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Gareth B. Matthews [98]Gareth Matthews [17]
  1. Gareth Matthews (forthcoming). Aristotle: Psychology. Ancient Philosophy.
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  2. Gareth Matthews (forthcoming). Z dziecięcych rozważań nad szczęściem. Ethics.
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  3. Gareth B. Matthews (forthcoming). Egocentric Phenomenalism and Conservation in Piaget. Behaviorism.
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  4. Gareth B. Matthews (2013). Death in Socrates, Plato, and Aristotle. In Fred Feldman Ben Bradley (ed.), The Oxford Handbook of Philosophy of Death. 186.
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  5. Gareth B. Matthews (2011). Augustine. In. In H. Lagerlund (ed.), Encyclopedia of Medieval Philosophy. Springer. 125--131.
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  6. Gareth B. Matthews (2011). Aristotle on the Organ of Touch. Ancient Philosophy 31 (2):327-337.
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  7. Lynne Rudder Baker & Gareth Matthews (2010). Anselm's Argument Reconsidered. Review of Metaphysics 64 (1):31-54.
    Anselm’s argument for the existence of God in Proslogion 2 has a little-noticed feature: It can be properly formulated only by beings who have the ability to think of things and refer to things independently of whether or not they exist in reality. The authors explore this cognitive ability and try to make clear the role it plays in the ontological argument. Then, we offer a new version of the ontological argument, which, we argue, is sound: it is valid, has (...)
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  8. Johannes Brachtendorf, John D. Caputo, Jesse Couenhoven, Alexander R. Eodice, Wayne J. Hankey, John Peter Kenney, Paul A. Macdonald Jr, Gareth B. Matthews, Roland J. Teske, Frederick Van Fleteren & James Wetzel (2010). Augustine and Philosophy. Lexington Books.
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  9. Gareth B. Matthews (2010). Anselm's Argument Reconsidered. Review of Metaphysics 64 (1):31-54.
  10. Gareth B. Matthews & Lynne Rudder Baker (2010). The Ontological Argument Simplified. Analysis 70 (2):210-212.
    The ontological argument in Anselm’s Proslogion II continues to generate a remarkable store of sophisticated commentary and criticism. However, in our opinion, much of this literature ignores or misrepresents the elegant simplicity of the original argument. The dialogue below seeks to restore that simplicity, with one important modification. Like the original, it retains the form of a reductio, which we think is essential to the argument’s great genius. However, it seeks to skirt the difficult question of whether 'exists' is a (...)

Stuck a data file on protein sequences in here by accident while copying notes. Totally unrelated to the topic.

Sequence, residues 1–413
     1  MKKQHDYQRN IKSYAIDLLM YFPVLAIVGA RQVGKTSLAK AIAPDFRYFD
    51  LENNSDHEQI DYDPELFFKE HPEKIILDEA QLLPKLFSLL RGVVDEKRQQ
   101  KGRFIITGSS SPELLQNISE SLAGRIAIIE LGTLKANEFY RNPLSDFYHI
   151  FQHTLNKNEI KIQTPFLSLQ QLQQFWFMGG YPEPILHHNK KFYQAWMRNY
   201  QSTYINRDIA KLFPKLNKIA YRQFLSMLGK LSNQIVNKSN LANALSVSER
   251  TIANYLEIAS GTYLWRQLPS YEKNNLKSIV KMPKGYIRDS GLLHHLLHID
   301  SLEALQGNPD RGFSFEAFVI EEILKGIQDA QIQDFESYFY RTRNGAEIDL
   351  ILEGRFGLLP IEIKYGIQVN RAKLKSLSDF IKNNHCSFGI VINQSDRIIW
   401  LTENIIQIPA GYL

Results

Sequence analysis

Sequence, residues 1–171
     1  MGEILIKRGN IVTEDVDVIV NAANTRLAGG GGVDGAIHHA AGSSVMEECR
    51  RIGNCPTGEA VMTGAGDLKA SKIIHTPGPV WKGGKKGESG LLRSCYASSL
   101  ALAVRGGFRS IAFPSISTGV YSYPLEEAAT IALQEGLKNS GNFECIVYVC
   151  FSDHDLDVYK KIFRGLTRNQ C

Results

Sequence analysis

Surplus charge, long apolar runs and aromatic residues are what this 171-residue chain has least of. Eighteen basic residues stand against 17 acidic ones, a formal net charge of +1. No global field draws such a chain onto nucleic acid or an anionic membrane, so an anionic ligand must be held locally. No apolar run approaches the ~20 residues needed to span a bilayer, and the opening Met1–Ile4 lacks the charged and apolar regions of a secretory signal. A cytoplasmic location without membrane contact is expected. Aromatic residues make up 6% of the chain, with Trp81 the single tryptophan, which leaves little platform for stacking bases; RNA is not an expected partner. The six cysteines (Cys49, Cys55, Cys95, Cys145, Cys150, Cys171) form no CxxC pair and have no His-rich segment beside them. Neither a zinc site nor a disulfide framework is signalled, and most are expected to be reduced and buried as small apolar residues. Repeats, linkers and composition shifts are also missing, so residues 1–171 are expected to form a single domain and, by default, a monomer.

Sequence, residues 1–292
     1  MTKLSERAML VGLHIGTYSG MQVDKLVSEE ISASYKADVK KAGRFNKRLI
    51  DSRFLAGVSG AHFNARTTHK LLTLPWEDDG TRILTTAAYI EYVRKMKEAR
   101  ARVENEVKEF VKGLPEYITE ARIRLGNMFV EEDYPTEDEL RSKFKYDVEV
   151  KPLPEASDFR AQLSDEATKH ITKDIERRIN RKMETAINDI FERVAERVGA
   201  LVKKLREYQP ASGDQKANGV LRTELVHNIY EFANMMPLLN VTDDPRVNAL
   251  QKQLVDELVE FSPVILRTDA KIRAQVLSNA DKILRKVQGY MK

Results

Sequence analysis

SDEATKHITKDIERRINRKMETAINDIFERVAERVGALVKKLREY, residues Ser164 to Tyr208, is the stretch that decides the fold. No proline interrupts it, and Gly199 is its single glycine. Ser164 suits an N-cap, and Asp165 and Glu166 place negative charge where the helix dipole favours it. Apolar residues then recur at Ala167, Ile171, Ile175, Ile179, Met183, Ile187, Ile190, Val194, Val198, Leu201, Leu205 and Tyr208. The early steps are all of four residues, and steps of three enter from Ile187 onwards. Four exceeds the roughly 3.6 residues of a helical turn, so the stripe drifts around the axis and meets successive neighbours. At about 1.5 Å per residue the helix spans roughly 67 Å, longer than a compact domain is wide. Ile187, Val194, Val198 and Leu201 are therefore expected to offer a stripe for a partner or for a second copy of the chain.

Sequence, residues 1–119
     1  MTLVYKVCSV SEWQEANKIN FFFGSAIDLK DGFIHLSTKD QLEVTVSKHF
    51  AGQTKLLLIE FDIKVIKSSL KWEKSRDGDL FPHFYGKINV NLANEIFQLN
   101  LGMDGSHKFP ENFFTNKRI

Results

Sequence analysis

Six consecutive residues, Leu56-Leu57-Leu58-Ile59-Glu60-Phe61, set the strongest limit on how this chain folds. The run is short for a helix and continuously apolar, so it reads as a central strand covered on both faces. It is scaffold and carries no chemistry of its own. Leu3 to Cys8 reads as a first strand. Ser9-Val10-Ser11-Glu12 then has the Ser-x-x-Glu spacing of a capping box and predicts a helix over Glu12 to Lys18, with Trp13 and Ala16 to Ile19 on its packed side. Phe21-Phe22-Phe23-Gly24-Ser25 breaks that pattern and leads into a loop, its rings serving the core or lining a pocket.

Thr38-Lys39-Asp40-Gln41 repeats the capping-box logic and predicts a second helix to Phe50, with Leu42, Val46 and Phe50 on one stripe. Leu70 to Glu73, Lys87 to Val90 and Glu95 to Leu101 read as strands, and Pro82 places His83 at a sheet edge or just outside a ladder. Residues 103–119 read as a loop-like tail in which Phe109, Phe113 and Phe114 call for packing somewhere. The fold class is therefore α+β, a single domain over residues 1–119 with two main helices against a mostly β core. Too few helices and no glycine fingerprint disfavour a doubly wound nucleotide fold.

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  11. Gareth Matthews (2009). Whatever Became of the Socratic Elenchus? Philosophical Analysis in Plato. Philosophy Compass 4 (3):439-450.
    Readers who are introduced to philosophical analysis by reading the early Platonic dialogues may be puzzled to find that Plato, in his middle and late periods, largely abandons the style of analysis characteristic of early Plato, namely, the 'Socratic elenchus'. This paper undertakes to solve the puzzle. In contrast to what is popularly called 'the Socratic method', the elenchus requires that Socrates, the lead investigator, not have a satisfactory answer to his 'What is F-ness?' question. Here is the bind. Part (...)
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  12. Gareth B. Matthews (2009). Jesus and Augustine. In Paul K. Moser (ed.), Jesus and Philosophy: New Essays. Cambridge University Press.
     
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  13. Gareth B. Matthews (2009). Philosophy and Developmental Psychology : Outgrowing the Deficit Conception of Childhood. In Harvey Siegel (ed.), The Oxford Handbook of Philosophy of Education. Oxford University Press.
     
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  14. Gareth B. Matthews (2009). Philosophical Adventures in the Lands of Oz and Ev. Journal of Aesthetic Education 43 (2):pp. 37-50.
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  15. Gareth Matthews, The Philosophy of Childhood. Stanford Encyclopedia of Philosophy.
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  16. Gareth B. Matthews (2008). La Notion d'Accident Chez Aristote. Ancient Philosophy 10 (1):141 - 143.
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  17. Gareth B. Matthews (2008). Responses. Metaphilosophy 39 (1):62–65.
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  18. Gareth B. Matthews (2008). The Epistemology and Metaphysics of Socrates. In Gail Fine (ed.), The Oxford Handbook of Plato. Oxford University Press.
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  19. Gareth B. Matthews (2008). Ursprung und Thema von Erster Wissenschaft. Ancient Philosophy 12 (2):452-454.
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  20. Gareth B. Matthews (2007). Augustine's Way Into the Will: The Theological and Philosophical Significance of de Libero Arbitrio, Simon Harrison. Augustinian Studies 38 (1):306-307.
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  21. Gareth B. Matthews (2007). Augustine's Way Into the Will. Augustinian Studies 38 (1):306-307.
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  22. Paul Bloom, Gareth B. Matthews, Scott MacDonald, Nicholas Wolterstorff, Paul Helm, Ishtiyaque Haji, Garry Wills & Richard Sorabji (2006). Augustine's Confessions. Rowman & Littlefield Publishers.
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  23. Gareth B. Matthews (2006). Augustine and Plantinga on the Problem of Evil. Quaestio 6 (1):457-462.
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  24. Gareth B. Matthews (2006). Augustine and Postmodernism. International Philosophical Quarterly 46 (1):117-118.
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  25. Gareth B. Matthews (2005). Augustine. Blackwell Pub..
    The first-person point of view -- Augustine's life -- Skepticism -- Language -- The Augustinian cogito -- Mind--body dualism -- The problem of other minds -- Philosophical dream problems -- Time and creation -- Faith and reason -- Foreknowledge and free will -- The problem of evil -- Wanting bad things -- Lying -- Happiness.
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  26. Gareth B. Matthews (2005). Anaxagoras Re-Defended. Ancient Philosophy 25 (2):245-246.
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  27. Gareth B. Matthews (2005). Wolfgangrainer Mann, the Discovery of Things: Aristotle's Categories and Their Context. (Princeton: Princeton University Press, 2000), XII + 231 Pp., $39.50. [REVIEW] Noûs 39 (2):348–358.